Responsible Futures and a circular economy
Duncan Baker-Brown discusses designing a circular economy, and how tech and HE industries can help
Posted by Charley Rogers | May 05, 2018 | Sustainability
circular-economy, responsible-futures, university-of-brighton, duncan-baker-brown, sustainability

In his 2016 essay ‘Why wait for the future? There could be a present without waste’ Herbert Kopnick dreams about the launch of the iPhone 10. Kopnick speculates that the Apple CEO Tim Cook might point towards Apple’s change from a company selling products to a company selling services. Kopnick speculates on Cook’s justification for this about-turn, as far as Apple’s business model is concerned, describing the new business model as a ‘win-win-win situation’. Winner number one is the consumer, as they will have a place to return their old Apple products instead of putting them in a drawer to deal with sometime in the future. Winner number two is Apple itself, who ‘only have to buy the majority of the needed raw materials a single time rather than yearly’. The third winner, of course, is the natural environment. Kopnick points out that obtaining one tonne of gold by recycling 40 million used mobile phones is not only much easier and cheaper than getting one tonne of primary gold out of the earth, but that such a method is much less harmful to workers and to the environment. We have the technology to recycle over 95% of the 15 precious metals that are in a mobile phone.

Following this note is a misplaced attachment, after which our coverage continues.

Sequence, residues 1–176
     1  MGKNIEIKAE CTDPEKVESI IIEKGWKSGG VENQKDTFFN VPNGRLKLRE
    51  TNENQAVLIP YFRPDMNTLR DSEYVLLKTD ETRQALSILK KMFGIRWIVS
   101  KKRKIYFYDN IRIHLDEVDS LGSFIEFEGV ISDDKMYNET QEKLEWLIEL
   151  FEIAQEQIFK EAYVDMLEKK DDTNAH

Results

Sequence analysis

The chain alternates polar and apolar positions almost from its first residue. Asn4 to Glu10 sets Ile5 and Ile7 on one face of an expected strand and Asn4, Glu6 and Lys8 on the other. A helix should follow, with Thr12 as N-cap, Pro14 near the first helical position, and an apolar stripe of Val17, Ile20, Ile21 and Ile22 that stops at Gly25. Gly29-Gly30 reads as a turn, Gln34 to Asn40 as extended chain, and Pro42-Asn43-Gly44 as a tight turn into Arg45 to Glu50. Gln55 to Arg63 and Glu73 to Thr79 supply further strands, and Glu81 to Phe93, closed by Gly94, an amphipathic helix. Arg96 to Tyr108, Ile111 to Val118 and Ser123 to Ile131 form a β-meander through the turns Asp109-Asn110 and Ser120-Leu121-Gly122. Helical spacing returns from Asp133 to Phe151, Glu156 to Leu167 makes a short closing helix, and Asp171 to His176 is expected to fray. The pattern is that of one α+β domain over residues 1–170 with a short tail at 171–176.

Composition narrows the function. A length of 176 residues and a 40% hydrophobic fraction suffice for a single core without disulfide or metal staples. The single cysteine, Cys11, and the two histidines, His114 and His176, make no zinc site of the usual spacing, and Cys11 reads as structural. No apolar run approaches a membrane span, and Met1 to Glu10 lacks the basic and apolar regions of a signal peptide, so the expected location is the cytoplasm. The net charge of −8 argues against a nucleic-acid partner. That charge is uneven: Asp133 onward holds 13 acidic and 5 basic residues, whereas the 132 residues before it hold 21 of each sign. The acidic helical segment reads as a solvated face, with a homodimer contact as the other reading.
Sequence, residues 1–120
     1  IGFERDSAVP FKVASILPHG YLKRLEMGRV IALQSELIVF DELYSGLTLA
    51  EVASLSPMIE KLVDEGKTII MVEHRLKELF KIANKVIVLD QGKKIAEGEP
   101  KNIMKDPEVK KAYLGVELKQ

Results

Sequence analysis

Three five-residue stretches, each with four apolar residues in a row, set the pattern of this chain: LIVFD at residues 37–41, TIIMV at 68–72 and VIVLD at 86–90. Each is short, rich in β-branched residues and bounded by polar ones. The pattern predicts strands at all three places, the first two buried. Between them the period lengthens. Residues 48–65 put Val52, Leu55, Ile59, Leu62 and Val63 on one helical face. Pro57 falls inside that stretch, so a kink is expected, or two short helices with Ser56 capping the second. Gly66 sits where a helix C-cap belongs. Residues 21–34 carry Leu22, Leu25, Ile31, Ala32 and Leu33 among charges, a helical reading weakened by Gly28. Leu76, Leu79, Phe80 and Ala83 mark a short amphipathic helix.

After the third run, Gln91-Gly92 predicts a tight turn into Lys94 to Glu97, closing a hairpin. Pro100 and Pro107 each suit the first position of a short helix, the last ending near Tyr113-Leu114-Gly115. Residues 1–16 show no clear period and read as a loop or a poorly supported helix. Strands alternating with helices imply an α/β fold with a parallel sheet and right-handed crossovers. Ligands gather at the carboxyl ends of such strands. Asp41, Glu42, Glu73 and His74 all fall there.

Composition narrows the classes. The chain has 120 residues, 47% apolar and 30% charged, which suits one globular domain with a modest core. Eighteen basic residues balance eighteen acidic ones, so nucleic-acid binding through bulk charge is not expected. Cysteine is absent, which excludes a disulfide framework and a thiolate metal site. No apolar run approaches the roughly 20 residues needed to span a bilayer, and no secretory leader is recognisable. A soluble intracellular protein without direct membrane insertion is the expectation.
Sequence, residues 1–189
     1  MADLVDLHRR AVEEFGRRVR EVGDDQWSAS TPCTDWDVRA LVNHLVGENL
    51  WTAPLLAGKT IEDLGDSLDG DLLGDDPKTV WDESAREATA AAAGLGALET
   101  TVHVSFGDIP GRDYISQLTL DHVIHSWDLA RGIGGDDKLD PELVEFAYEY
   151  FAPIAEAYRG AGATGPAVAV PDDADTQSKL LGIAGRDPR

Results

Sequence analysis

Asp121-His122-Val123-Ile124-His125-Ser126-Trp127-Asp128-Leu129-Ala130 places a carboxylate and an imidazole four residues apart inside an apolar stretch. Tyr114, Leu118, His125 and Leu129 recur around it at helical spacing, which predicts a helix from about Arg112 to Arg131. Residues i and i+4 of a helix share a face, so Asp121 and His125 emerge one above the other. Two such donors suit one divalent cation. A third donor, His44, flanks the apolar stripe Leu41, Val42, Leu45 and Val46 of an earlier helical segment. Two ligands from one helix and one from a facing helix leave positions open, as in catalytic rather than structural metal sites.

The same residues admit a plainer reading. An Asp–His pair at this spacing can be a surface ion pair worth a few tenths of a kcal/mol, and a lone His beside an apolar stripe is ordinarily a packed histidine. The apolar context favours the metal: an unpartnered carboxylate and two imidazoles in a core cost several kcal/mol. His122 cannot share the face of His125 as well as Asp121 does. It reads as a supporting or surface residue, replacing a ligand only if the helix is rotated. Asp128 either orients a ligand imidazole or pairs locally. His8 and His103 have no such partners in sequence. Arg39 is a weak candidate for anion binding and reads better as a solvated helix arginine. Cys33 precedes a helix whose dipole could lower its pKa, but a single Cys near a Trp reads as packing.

Now if we consider the construction industry, it consumes about one half of the stuff mined and processed every year. So you can see that there is huge potential to effect change in this industry. If buildings are designed as ‘material stores’ for the future, in other words if they are ‘designed for re-assembly’, this has to be an attractive proposition for landlords and investors in property. At the moment some property investors are putting their money into developments that have a ‘life expectancy’ of, say, thirty years, and at the end of that period the property is probably going to be demolished, or at least it would have had two or three major refurbishments. In each instance the materials removed from the building, and paid for by investors, would cost more money to be disposed of. In a circular economy the materials removed for refurbishment, as well as the building as a whole, are able to be disassembled without damage and are therefore a financial benefit to investors instead of a burden. Many financial institutions are beginning to understand this concept already. For example, ABN-AMRO, the Netherlands-based Bank, recently constructed their CIRCL Pavilion in Amsterdam. At over 18 million Euros it is quite an investment. Designed for re-assembly, with insulation made from ABN-AMRO employees’ old jeans among other things. Perhaps the most striking statement made by Petran van Heel from ABN-AMRO when I met him was that they saw themselves “not just as a financial bank, but as a material bank as well.”